Editor's note: With Tim Pawlenty's announcement that he was launching a presidential exploratory committee, we here at Townhall Magazine thought our online audience might appreciate a profile we published on Pawlenty some 15 months ago, knowing full well that he was likely to jump into the 2012 race. Below is the full text of "A Battleground Leader for 2012?" by Fred Lucas from the January 2010 issue of Townhall Magazine.
Tim Pawlenty’s endorsement of the Conservative Party candidate in the New York 23rd Congressional District’s special election last November might have been the peak of his national exposure thus far. And while Conservative Doug Hoffman came up short, interjecting himself in the race could only be a boon for the “Sam’s Club” Republican from the Midwest.
Pawlenty, the two-term Minnesota governor, has less name recognition than other likely Republican presidential prospects for 2012, but he has a record to run on of balancing budgets and (with some exceptions) cutting taxes. And he has location going for him, as more national elections are being decided in the Midwest, a region where Republicans have been losing ground for years.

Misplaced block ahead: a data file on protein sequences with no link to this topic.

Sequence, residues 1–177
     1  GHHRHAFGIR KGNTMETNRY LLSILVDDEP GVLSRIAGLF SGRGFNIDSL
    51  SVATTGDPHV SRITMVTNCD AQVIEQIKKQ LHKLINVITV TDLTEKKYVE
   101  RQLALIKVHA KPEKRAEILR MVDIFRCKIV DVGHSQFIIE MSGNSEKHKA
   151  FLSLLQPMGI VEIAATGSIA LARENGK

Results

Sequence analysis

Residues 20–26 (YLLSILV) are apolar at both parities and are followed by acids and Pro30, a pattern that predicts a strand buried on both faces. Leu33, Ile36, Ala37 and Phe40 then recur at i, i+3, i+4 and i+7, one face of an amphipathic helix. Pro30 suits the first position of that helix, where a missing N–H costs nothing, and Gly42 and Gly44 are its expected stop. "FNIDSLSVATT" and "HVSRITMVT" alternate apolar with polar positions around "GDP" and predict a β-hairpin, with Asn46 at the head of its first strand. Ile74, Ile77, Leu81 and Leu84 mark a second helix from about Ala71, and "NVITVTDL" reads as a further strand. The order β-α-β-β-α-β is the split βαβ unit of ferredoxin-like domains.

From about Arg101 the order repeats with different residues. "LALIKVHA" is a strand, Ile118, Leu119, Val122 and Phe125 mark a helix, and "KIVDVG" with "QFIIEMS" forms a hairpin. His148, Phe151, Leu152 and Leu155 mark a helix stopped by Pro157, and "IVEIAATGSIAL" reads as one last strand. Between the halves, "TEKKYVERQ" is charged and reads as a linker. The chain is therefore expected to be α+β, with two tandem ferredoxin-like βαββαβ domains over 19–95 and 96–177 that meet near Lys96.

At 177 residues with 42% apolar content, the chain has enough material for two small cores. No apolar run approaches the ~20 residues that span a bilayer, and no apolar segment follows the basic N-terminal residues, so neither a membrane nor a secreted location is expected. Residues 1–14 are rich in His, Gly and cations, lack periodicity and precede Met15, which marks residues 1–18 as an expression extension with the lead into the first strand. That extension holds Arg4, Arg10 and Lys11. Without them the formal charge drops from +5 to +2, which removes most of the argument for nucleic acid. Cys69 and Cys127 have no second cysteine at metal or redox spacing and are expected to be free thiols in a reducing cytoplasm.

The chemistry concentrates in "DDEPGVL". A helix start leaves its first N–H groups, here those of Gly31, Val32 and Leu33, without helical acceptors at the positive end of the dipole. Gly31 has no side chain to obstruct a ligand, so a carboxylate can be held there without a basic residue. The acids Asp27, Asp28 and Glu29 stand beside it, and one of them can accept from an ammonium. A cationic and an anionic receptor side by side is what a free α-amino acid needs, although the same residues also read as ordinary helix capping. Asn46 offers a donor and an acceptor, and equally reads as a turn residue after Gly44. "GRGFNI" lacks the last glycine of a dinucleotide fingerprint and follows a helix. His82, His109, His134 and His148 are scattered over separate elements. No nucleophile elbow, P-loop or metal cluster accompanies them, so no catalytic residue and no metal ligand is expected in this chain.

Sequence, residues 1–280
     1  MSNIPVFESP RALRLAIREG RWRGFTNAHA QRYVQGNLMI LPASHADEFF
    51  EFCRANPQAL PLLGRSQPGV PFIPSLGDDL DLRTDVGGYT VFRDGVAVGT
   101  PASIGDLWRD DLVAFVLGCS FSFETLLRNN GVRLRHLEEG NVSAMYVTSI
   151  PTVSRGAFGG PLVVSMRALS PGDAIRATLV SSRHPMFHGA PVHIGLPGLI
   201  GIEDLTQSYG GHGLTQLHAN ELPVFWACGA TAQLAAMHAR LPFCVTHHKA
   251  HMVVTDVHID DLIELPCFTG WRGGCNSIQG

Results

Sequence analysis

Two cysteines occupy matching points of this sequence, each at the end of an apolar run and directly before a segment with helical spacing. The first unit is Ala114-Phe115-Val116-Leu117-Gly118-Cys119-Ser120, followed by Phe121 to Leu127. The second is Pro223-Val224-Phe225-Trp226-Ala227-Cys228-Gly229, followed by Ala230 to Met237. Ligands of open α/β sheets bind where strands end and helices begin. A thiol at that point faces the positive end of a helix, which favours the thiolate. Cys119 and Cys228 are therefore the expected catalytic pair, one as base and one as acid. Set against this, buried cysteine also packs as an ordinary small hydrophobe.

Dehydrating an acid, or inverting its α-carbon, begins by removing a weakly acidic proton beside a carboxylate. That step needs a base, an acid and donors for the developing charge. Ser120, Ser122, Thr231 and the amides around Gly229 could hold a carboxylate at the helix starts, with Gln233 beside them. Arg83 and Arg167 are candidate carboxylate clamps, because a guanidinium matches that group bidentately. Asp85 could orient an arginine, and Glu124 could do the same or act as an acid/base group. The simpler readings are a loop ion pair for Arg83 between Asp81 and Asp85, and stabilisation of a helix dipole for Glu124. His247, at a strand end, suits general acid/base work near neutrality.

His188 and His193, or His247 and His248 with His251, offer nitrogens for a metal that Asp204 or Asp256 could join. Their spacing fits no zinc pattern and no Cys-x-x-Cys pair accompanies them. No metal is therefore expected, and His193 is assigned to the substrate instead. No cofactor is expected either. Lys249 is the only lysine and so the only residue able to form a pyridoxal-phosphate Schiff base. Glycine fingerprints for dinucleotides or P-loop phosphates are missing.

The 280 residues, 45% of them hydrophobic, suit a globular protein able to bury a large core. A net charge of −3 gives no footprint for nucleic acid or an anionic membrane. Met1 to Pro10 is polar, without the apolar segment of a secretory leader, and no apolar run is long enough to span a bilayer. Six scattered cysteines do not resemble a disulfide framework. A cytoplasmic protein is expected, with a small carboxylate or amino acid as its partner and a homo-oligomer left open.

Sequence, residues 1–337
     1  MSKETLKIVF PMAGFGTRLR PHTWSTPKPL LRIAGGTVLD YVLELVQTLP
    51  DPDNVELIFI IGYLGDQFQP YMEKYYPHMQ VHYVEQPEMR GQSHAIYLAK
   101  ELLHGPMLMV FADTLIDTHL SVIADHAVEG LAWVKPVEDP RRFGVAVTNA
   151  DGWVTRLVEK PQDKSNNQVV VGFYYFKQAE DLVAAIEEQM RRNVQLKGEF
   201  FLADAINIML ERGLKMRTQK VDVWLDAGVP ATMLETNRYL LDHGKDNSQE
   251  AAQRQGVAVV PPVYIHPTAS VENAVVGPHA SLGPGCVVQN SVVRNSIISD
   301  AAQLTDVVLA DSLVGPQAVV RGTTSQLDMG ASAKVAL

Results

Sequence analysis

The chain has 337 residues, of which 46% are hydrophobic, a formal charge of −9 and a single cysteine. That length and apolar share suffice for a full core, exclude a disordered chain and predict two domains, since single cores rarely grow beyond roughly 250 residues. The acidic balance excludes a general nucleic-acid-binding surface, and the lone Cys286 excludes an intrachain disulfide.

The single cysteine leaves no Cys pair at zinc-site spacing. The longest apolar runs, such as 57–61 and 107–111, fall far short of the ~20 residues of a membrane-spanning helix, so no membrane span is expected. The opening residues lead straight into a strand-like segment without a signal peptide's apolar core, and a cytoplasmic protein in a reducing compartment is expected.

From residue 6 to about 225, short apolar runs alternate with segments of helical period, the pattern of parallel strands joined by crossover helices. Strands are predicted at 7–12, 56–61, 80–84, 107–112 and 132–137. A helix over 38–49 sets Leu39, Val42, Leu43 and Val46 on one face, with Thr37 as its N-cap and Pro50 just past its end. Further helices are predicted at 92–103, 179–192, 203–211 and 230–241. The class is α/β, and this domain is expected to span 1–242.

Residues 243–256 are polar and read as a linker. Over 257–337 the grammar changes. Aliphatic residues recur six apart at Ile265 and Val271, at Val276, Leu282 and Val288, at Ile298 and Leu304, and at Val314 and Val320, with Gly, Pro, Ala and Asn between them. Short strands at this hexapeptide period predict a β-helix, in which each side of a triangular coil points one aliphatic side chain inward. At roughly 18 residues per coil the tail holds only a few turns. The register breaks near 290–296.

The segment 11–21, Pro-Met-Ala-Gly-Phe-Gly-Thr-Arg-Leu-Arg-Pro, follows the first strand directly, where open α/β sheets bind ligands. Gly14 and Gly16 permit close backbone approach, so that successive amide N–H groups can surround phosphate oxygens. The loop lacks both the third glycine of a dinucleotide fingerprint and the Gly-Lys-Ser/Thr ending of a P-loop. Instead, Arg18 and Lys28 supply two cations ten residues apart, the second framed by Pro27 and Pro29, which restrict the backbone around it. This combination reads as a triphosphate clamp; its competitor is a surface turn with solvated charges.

Further, he has shown he can at least hang with the heavyweights.
He came in just one vote behind the far better known Mitt Romney and one vote ahead of 2008 GOP vice presidential candidate Sarah Palin in the Values Voters Summit straw poll last fall in Washington. The gathering of social conservatives, as expected, delivered a landslide win for Mike Huckabee in the straw poll.
But while solid on most fiscal and social issues, he has been smitten with the green agenda, a potential stumbling block in a Republican primary. Further, it is rare that Republicans nominate a presidential candidate who isn’t already a household name.
He’s trying to tackle that unfamiliarity issue. Pawlenty assembled the Freedom First political action committee (PAC) to raise and dole out money to Republican candidates in 2010, thus building support for 2012. The PAC is made up of some heavy hitters such as Terry Nelson and Sara Taylor, who worked for the Bush campaign and White House, as well as Michael Toner, former Federal Elections Commission chairman, and Phil Musser, former executive director of the Republican Governors Association. The board also includes one-time Romney backer Vin Weber, a former Minnesota congressman whose official line is that he is only working for the PAC and isn’t backing any 2012 contender yet.